Clay is used by the children as a media to experience protection, containment, as well as release emotions (13). Perez-Saez et al. (14), in his study on the impact of a pottery workshop on the well-being of people with dementia, concludes that pottery art has a significant effect on the mood and self-esteem.
Anu Mary et al. (15), evaluated the effectiveness of clay therapy on anxiety in pre-school children and confirm that the mean anxiety score, after intervention in the clay therapy group, is significantly lower than that in the control group (P < 0.01).
Physically handicapped individuals have lower mental health status and higher levels of depression and anxiety (16). Consequently, in order to help them in reducing the negative symptoms and mental disorders associated with their disease and to find a way to connect these patients with others and enable them to have a normal life, it is essential to carry out some interventions to decrease their depression and anxiety and promote their happiness. Therefore, this study aims to investigate the effect of clay therapy on anxiety, depression, and happiness in patients with physical disability under Welfare Organization.
In this randomized controlled clinical trial, 50 physically impaired individuals under Welfare Organization support in Qaen city, in 2016, who fulfilled the criteria for entering the study were selected through convenient sampling. Due to the absence of a similar study, a preliminary study was performed on 20 physically disabled patients and the sample size obtained was based on the formula:
At the Type 1 error 5% and Type 2 error 10% in each group of 25 people. After obtaining permission from the Welfare Organization authorities, we consulted the welfare centers in Qaen city. After the goals of the study were explained and informed consent obtained, the demographic characteristics (age, sex, and marital status), Depression, Anxiety, and Stress Scale (DASS-21), and Oxford Happiness Inventory were completed by people with physical impairment through an interview with a facilitator, who had not been informed about the type of intervention. Subjects with a score of less than 40 in the happiness questionnaire were selected and assigned to two groups, the experiment group (25 people) and the control group (25 people), through systematic random sampling. In this process, a draw was conducted between the first two people. Individuals who drew an even number were placed in one group and those who drew odd numbers in the other group. This score was considered as a pre-test score.
The inclusion criteria consisted of an age range of 10 - 40 years, willingness to participate in the study, ability to work with clay, and the use of upper limbs. The exclusion criteria included a history of using anti-depressant and anti-anxiety medicines, severe mental problems (IQ less than 90 based on their records), reluctance to continue to cooperate and attend meetings, and absence in more than two training sessions.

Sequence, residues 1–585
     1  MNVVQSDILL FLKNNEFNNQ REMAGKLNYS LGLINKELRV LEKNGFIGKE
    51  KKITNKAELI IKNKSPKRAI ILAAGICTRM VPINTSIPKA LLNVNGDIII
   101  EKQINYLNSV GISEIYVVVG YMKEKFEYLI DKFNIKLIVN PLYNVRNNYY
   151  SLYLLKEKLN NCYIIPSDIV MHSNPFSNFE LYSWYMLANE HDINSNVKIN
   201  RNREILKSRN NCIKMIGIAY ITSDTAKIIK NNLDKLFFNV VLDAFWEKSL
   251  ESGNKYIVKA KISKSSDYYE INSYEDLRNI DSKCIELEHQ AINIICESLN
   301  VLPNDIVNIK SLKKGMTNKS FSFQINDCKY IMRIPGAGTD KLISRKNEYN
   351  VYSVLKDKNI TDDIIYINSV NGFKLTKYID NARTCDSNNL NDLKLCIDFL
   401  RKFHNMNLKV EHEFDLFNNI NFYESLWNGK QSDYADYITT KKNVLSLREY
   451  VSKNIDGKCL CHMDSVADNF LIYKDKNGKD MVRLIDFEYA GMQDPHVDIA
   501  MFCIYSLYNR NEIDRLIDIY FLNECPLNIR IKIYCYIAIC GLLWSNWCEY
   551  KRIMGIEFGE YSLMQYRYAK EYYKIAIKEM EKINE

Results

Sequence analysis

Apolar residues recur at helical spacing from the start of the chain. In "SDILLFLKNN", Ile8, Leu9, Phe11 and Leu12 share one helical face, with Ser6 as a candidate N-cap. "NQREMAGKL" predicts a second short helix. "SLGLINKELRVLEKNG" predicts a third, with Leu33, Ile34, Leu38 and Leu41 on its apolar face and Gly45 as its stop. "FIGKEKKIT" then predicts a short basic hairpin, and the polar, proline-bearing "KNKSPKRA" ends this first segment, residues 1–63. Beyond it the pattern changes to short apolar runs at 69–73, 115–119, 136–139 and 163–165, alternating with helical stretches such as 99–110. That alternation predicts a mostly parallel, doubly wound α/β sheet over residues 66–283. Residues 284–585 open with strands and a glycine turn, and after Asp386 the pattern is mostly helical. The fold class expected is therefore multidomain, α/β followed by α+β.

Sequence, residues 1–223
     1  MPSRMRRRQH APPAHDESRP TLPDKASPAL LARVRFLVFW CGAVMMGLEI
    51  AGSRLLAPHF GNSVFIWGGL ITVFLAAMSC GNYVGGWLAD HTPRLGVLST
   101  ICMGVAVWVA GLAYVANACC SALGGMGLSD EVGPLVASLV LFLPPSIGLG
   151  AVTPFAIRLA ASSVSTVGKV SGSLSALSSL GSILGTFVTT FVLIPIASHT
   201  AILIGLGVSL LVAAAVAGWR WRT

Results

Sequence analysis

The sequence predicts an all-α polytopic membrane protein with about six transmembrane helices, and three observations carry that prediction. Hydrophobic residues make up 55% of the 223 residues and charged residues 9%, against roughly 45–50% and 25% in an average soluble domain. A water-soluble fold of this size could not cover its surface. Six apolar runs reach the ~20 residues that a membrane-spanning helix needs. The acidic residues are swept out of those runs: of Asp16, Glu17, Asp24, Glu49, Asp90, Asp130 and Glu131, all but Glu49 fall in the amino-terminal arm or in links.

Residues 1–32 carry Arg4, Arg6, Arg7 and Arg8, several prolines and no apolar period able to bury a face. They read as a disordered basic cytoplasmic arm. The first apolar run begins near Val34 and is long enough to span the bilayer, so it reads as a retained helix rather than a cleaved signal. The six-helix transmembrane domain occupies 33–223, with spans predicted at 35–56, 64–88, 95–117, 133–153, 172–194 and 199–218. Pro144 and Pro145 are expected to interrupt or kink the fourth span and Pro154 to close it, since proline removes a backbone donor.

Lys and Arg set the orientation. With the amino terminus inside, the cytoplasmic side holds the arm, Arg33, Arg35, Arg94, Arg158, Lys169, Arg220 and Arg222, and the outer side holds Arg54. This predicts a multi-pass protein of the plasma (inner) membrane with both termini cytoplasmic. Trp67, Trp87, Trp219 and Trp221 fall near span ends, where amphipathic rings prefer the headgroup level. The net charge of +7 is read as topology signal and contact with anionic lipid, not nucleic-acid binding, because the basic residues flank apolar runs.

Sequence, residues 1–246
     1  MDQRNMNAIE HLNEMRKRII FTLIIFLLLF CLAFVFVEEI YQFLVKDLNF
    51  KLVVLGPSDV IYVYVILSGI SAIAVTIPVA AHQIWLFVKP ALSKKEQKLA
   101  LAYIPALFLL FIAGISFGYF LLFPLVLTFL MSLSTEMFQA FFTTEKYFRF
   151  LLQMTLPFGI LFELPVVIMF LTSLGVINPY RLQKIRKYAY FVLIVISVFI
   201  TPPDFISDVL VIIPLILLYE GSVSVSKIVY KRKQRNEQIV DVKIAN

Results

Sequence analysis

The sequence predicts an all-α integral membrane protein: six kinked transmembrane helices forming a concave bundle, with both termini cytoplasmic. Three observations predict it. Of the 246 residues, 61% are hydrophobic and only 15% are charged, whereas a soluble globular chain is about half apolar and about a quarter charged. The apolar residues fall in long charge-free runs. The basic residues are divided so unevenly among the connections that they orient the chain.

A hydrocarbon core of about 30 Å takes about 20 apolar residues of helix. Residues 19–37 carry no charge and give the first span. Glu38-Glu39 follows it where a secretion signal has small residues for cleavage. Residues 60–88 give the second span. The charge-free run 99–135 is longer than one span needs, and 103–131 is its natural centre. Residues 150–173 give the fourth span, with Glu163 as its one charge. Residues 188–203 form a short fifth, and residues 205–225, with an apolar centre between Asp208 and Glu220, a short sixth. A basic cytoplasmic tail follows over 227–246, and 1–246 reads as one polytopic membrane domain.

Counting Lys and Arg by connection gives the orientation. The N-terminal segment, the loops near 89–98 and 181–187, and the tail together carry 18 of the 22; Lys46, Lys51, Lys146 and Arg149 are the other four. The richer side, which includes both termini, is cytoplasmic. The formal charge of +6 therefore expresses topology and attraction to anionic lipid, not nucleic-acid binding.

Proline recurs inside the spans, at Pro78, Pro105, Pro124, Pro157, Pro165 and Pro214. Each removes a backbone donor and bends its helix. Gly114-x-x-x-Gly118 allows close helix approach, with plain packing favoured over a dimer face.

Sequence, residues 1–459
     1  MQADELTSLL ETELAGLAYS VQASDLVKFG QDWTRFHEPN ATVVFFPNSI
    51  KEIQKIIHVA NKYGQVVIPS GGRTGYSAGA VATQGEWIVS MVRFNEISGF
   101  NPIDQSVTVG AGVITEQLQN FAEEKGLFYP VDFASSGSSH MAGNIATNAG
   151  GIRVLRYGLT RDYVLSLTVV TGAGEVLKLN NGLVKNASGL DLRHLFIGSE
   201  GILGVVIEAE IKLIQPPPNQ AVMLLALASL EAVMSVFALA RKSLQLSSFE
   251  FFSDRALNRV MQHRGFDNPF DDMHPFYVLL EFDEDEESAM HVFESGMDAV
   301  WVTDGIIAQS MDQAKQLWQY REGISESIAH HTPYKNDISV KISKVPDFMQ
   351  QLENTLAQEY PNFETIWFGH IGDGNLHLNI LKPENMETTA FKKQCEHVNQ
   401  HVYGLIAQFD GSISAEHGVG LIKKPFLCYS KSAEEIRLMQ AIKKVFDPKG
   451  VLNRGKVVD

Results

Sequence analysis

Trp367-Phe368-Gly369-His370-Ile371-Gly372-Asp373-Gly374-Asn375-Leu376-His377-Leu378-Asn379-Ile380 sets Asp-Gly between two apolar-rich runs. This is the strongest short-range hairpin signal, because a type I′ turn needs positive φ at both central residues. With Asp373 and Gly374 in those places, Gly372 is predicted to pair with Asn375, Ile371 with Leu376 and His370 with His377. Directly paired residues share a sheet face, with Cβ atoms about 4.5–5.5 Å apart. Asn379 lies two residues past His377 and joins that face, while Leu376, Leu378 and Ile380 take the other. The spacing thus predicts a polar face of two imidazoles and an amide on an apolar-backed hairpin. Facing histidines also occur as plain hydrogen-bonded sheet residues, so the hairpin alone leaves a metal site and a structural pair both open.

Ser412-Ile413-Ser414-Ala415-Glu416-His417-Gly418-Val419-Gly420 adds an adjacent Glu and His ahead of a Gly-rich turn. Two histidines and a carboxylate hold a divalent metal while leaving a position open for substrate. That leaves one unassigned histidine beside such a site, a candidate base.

The experiment group received a clay work program for 12 sessions in six weeks (two sessions per week) and each session of 60 minutes (Table 1).
|Sessions||Contents of Sessions|
|Session one||Getting acquainted with people in the group, familiarity of the group members with clay work and its techniques, practice for preparation and adaptation to clay work.|
|Session two||Building a tool using Pinch method by members of the group (Pinch is known as the finger method. This method is used without any contact with tools and is as old as the history of working with mud and pottery and is one of the simplest methods).|
|Session three||Building what people in the group think of as monsters.|
|Session four||Making statues of family members|
|Session five||Show fears of the group members by clay|
|Session six||Making a magical form|
|Session seven||Completion of depression and anxiety and stress questionnaire DASS-21and Oxford Happiness Inventory, expressing positive and negative emotions of group members by clay|
|Session eight||Showing objects based on love, making three things that group members like most and making three things they like least.|
|Session nine||Displaying objects based on what they have and what don’t have, making three things that they have more and making three things that they have less.|
|Session ten||Showing feelings of depression and anxiety by clay work|
|Session eleven||Making clay tablets by group members|
|Session twelve||Building a human figure and practicing items related to the previous sessions and observing group rules.|
During the first 15 minutes of the meeting, training on using clay was provided by the researcher, after which the clay work started with simple and small steps, which required less mental and motor skills. After the sixth session and one week after completing the intervention, the questionnaires for depression, anxiety, and happiness were again administered to the subjects of both groups. In order to observe ethical considerations, after the study, a therapeutic clay session was also held for the control group.
The data collection tools were the Depression, Anxiety, and Stress Scales (DASS) and the Oxford Happiness Inventory:
2.1. Depression and Anxiety
DASS-21 questionnaire was first presented by Lovibond and Lovibond (1995) and includes 21 questions that evaluate three components, depression, anxiety, and stress (each component covered by seven questions).